Simultaneously when an electric current is impressed upon between the movable electrode 2 and the stationary electrode 3, the movable electrode 2 and the stationary electrode 3, which are arranged in the laser head 10 being integrated with each other via the arm 6, proceed in the welding direction D at a predetermined speed.

Due to the foregoing, in the laser beam irradiation mechanism 4, the laser oscillator 8 is driven, and the laser beam L emitted from the laser oscillator 8 is sent to the laser head 10. Then, the laser beam L is irradiated to the irradiation position P4 on the uppermost steel sheet W1 via the condenser lens 11, and the steel sheets W1 and W2 can be welded to each other.

At this time, the coating on the surface, on which the steel sheets W1 and W2 are put with each other, is heated and the metallic component (zinc) contained in the coating is vaporized. However, zinc vapor, which has been vaporized in this way, is discharged from the gap H into the atmospheric air. Due to the foregoing, the steel sheets W1 and W2 can be positively and strongly welded to each other. When an intensity of the electric current is adjusted so that a heat input at the contact position P2 and the pressure-contact position P3 can be set at a value by which the gap can be sufficiently formed and the surface of the steel sheet W1 can not be melted, the surface of the steel sheet W1 can not be substantially damaged.

In this connection, in the present exemplary embodiment, instead of the movable electrode 2, an earth electrode, which is connected to the steel sheet W1 or the adjoining steel sheet W2, may be provided and only the stationary electrode 3 may come into pressure-contact with the steel sheet W1. In this case, only the stationary electrode 3 passes on the steel sheet W1. Therefore, the structure of the device can be simplified. Alternatively, the following structure may be adopted. One of the movable electrode 2 and the stationary electrode 3 is contact to the other steel sheet W2 or is contact to the other steel sheet W2 with pressure in the reverse direction to the direction of contacting with the steel sheets W1. In this case, after the steel sheets W1 and W2 have been heated and thermally expanded at the contact position or the pressure-contact position of the electrode with the steel sheet, the heated portion is cooled from the surfaces of the steel sheets W1 and W2 and contracted. Therefore, the steel sheets W1 and W2 are plastically deformed in such a manner that end portions of the steel sheets W1 and W2 are separated from each other in the opposite direction. Therefore, an intensity of the electric current impressed upon between the movable electrode 2 and the stationary electrode 3 can be reduced.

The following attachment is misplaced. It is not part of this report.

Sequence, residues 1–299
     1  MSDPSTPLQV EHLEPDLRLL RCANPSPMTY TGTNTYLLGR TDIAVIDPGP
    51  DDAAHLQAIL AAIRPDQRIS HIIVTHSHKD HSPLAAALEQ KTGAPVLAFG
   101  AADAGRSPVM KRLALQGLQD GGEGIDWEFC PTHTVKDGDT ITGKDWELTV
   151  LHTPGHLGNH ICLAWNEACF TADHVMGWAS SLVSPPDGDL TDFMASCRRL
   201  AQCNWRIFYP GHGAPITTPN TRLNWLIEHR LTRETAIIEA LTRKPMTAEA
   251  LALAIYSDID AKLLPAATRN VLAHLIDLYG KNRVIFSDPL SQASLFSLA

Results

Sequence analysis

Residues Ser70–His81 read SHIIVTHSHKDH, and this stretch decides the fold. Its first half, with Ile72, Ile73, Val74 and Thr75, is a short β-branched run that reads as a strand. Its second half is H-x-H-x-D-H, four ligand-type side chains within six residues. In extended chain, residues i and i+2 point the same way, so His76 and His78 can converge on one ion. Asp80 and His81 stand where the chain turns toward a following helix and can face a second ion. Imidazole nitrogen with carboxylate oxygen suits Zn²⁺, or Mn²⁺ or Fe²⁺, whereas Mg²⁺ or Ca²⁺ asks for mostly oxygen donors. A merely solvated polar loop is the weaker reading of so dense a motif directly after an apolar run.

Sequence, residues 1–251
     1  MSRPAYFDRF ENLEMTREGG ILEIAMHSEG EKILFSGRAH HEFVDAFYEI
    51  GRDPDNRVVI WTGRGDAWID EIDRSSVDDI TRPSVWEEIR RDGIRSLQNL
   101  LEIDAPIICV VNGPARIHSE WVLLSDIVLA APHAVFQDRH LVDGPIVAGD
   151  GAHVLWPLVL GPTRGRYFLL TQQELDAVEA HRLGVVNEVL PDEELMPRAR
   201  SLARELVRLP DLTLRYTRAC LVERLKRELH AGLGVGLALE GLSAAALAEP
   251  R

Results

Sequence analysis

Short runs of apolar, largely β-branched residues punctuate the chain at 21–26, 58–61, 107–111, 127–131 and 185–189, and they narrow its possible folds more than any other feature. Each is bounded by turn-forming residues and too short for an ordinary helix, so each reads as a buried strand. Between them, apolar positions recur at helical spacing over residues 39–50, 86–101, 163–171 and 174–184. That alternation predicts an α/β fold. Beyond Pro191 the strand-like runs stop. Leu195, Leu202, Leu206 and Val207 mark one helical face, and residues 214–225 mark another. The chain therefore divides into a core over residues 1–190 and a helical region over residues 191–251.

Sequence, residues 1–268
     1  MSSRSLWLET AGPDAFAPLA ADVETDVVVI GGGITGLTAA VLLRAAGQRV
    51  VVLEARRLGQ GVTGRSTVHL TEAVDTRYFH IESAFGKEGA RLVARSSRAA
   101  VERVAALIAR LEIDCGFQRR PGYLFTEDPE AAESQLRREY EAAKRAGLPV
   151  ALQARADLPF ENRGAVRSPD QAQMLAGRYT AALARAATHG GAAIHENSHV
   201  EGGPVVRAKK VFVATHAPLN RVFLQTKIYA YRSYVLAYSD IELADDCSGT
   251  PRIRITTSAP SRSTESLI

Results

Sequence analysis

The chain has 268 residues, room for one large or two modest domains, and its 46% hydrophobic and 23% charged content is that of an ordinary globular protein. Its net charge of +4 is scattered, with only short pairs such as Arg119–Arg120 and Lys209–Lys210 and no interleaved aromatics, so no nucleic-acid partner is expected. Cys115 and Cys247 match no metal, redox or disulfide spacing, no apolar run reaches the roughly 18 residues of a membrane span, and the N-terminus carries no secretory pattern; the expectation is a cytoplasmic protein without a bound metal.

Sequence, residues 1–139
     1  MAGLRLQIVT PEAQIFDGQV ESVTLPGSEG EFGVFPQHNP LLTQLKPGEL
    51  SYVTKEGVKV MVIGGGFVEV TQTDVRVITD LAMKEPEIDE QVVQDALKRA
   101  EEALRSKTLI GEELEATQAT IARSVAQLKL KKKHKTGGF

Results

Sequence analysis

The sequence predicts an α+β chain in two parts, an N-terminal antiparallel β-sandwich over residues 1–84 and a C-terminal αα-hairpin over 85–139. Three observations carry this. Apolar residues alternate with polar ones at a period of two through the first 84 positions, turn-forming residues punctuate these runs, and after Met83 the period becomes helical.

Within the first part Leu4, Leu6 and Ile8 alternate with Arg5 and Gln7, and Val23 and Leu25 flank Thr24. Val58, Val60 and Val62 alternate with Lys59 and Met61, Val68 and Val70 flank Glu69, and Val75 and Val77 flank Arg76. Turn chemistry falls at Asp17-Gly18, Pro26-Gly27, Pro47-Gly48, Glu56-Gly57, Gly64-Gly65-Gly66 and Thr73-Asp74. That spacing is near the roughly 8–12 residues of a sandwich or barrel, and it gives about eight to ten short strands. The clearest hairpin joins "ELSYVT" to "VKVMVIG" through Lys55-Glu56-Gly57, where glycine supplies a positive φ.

Another exemplary embodiment may be provided as follows. A positional relation among the contact position P2 of the movable electrode 2 on the steel sheet W1, the pressure-contact position P3 of the stationary electrode 3 and the irradiating position P4 of the laser beam may be set as shown in FIG. 4. That is, the stationary electrode line α′, which is an orbit of the preceding pressure-contact position P3, is a straight line parallel with the welding direction D, the movable electrode line β′, which is an orbit of the succeeding contact position P2, is a straight line parallel with the welding direction D and distant from the stationary electrode line α′ by a predetermined interval, and the welding line γ′, which is an orbit of the final irradiating position P4, is a straight line parallel with the welding direction D and distant from the movable electrode line β′ by a predetermined interval.

In this case, with respect to FIG. 5( a) which shows a state before the stationary electrode 3 passes, as shown in FIG. 5( b), when the stationary electrode 3 passes, the first warp is caused on the stationary electrode line α′. In this connection, at this time, since the stationary electrode 3 comes into pressure-contact with the steel sheet W1, the steel sheets W1 and W2 are closely contact with each other at the pressure-contact position P3. As shown in FIG. 5( c), when the movable electrode 2 passes through, the second warp is caused on the movable electrode line β′. Therefore, as compared with the aforementioned case in which both the movable electrode 2 and the stationary electrode 3 are arranged on the straight line α parallel with the welding direction, a heat input on the stationary electrode line α′ and the movable electrode line β′ can be reduced. Accordingly, damage caused on the steel sheet W1 can be further reduced.